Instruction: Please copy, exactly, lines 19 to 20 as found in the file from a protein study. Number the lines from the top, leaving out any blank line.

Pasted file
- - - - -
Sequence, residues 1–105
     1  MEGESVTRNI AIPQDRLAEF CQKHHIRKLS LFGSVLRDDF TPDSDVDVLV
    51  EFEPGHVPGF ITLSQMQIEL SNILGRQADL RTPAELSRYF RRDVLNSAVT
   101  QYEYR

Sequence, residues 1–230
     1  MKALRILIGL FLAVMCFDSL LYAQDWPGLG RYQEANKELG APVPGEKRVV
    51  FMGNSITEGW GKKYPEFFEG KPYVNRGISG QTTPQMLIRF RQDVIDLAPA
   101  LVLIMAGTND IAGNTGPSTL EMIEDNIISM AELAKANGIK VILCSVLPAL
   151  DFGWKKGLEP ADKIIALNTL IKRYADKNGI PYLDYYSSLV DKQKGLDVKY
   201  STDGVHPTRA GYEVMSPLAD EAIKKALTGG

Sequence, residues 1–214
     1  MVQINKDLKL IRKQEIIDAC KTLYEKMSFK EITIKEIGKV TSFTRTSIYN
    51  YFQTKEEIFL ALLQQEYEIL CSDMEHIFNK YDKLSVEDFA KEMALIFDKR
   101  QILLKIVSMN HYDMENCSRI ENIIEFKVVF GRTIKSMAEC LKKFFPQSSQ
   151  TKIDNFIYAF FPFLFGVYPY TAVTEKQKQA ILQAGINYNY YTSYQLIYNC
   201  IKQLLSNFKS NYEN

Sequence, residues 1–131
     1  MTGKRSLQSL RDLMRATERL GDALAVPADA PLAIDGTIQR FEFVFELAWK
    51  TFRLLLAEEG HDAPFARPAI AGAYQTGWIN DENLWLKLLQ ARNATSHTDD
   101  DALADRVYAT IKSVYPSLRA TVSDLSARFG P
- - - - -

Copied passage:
    51  TFRLLLAEEG HDAPFARPAI AGAYQTGWIN DENLWLKLLQ ARNATSHTDD
   101  DALADRVYAT IKSVYPSLRA TVSDLSARFG P